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Thread: CWBP 2 : Astrophysics

  1. #61
      Azelor is offline
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    I'm not opposed to the idea of having a gas giant in the inner system and the impact would be small. Unless the planets are close to each other and/or their obit have the same angle of inclination, the Gas giant will have no negative impact.

  2. #62
      Falconius is offline
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    K, here's what I have so far then (Azelors orginals will be tagged [A]):
    Our star
    Planet 1: [A] Tide locked, close to sun
    Planet 2: [A] Old drifter, much orbital debris
    Planet 3: Inner gas giant
    Planet 4: [A] Earth-like but 30% bigger, orbit close to CWBP 2, two moons
    Planet 5: CWBP 2 planet
    Planet 6: [A] Ice rock smaller than Venus
    Planet 7: [A] Blue gas giant
    Planet 8: Somthing to just finish up the system, I think one more would be nice

    and the Second star with associated nebula and possible planets to be filled in at a future date.

  3. #63
      Ghostman is offline
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    Add one more gas giant, at a far away orbit but close enough so that all 8 other planets will be visible from the homeworld. That way there'll be 9 "wandering stars" known to the people (the secondary sun counts as the 9th), which gives them a nice number to feature in astrology.

  4. #64
      Azelor is offline
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    Quote Originally Posted by Ghostman View Post
    Add one more gas giant, at a far away orbit but close enough so that all 8 other planets will be visible from the homeworld. That way there'll be 9 "wandering stars" known to the people (the secondary sun counts as the 9th), which gives them a nice number to feature in astrology.
    and I assume that would be our 8th planet.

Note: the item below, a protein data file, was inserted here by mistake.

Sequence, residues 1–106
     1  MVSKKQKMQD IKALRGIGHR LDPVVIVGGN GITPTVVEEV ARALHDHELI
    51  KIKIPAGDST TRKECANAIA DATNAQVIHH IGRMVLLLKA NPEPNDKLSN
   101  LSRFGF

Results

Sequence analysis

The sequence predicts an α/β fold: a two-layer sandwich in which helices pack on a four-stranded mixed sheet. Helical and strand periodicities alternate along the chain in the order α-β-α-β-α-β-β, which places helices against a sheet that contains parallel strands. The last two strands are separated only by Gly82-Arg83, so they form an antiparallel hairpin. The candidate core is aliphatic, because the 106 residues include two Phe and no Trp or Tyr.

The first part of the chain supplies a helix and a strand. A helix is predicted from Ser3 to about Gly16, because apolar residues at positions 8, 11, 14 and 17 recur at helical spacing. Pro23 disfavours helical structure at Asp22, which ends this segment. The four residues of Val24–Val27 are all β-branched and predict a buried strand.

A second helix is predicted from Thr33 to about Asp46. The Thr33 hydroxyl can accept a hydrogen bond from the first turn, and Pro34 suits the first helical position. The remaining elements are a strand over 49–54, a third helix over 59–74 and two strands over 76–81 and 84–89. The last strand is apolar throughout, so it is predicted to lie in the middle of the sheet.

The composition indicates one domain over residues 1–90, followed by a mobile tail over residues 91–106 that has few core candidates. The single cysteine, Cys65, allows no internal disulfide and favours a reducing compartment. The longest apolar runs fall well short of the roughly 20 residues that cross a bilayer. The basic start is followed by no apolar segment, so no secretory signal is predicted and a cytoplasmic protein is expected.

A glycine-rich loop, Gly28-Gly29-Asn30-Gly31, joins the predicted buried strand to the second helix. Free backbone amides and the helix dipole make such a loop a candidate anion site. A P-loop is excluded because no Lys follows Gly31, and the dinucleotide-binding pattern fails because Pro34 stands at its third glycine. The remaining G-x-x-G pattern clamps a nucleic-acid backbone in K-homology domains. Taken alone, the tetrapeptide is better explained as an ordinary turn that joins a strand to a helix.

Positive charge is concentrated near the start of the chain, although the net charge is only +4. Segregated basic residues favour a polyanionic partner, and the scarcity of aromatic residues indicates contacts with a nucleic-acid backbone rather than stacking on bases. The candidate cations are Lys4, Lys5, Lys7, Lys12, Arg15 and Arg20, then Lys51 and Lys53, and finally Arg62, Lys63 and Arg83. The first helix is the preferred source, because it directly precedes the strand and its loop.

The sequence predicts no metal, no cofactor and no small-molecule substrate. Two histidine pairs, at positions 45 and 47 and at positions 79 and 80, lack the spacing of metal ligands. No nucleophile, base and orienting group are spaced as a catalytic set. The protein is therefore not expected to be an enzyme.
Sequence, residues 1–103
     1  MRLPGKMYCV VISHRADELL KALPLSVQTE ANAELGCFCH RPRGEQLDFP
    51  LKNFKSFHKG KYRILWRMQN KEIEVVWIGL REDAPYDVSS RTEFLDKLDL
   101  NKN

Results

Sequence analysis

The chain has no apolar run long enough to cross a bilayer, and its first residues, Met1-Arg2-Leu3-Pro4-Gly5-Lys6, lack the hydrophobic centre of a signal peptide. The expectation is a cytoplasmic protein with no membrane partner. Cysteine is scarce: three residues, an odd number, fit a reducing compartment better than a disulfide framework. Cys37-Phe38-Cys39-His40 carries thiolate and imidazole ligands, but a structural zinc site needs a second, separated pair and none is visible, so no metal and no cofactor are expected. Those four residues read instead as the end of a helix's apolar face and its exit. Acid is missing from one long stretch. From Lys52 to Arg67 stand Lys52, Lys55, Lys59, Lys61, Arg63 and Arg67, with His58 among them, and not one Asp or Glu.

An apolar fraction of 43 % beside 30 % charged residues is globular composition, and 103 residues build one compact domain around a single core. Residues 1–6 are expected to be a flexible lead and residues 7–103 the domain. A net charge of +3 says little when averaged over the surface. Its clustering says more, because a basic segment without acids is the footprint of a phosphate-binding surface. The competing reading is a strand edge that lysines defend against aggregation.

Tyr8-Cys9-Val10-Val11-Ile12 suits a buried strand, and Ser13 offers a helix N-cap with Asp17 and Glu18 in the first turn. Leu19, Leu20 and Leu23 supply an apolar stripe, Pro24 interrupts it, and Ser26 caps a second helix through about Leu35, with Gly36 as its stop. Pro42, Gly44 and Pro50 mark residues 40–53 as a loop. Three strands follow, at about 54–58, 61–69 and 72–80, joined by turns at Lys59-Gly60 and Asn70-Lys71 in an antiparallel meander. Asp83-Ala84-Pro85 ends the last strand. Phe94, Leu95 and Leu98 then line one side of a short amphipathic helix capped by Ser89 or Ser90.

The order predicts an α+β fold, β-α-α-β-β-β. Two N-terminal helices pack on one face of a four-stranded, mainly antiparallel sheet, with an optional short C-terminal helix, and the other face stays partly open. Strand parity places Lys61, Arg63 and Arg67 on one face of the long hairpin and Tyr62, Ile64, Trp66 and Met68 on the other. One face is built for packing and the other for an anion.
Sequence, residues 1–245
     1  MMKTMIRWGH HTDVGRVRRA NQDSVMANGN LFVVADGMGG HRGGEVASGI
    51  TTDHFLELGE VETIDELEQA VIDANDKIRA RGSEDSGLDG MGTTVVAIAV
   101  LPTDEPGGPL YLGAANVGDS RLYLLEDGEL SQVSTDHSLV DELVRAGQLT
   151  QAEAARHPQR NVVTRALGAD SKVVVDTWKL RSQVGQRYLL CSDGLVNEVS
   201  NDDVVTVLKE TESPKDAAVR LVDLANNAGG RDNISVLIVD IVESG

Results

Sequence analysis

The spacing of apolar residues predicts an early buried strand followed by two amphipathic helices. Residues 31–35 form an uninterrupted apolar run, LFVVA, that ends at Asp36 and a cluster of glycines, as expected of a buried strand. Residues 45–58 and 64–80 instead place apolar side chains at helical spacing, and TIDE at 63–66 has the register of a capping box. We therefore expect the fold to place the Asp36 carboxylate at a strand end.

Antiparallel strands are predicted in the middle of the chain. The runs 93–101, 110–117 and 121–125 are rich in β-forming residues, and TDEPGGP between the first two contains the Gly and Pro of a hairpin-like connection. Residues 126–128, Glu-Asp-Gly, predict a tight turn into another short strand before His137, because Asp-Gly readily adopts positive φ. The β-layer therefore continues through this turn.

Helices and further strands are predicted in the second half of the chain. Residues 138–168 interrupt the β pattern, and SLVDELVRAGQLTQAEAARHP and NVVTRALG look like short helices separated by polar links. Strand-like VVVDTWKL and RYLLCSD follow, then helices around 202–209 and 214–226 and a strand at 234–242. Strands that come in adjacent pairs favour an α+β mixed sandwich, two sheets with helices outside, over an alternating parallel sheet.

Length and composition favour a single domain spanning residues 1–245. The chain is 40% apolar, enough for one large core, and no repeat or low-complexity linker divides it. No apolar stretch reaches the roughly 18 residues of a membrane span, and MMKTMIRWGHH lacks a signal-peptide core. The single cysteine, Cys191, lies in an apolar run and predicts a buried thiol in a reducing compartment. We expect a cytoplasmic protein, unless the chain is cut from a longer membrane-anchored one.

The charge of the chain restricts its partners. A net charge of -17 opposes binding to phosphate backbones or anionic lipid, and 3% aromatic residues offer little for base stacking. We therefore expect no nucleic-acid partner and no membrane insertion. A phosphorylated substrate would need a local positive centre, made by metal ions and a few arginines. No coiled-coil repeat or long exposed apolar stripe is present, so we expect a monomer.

The second star is so dim that one or two planets would be brighter but only at their brightest. You see, their brightness will fluctuate a lot depending on their position. On the other hand, the second star will have a variation of only 7% luminosity due to the movement of the planet around the main star. This is considering that the second star is still at 75 AU from the main star. 75 AU (or 11 175 billion km) is what I considered a safe distance that allowed both stars to have their own system. Of course the orbit could be elliptical but I assume that if it's the case, 75 AU is the average distance. That would also influence the brightness perceived from the planet... but these are just details

    Planets from the second star (if any) would be impossible to spot in the sky with the available technology. But they are free for speculators.

  5. #65
      Ghostman is offline
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    Quote Originally Posted by Azelor View Post
    and I assume that would be our 8th planet.
    No, I meant add a 9th planet in addition to whatever will be placed on the 8th spot. So there'd be a total of 9 planets (8 from the POV of the people living on the homeworld planet), which would probably be regarded as moving stars. As would the secondary sun.

  6. #66
      Falconius is offline
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    Planet 1: [A] Tide locked, close to sun
    Planet 2: [A] Old drifter, much orbital debris
    Planet 3: Inner gas giant
    Planet 4: [A] Earth-like but 30% bigger, orbit close to CWBP 2, two moons
    Planet 5: CWBP 2 planet
    Planet 6: [A] Ice rock smaller than Venus
    Planet 7: [A] Blue gas giant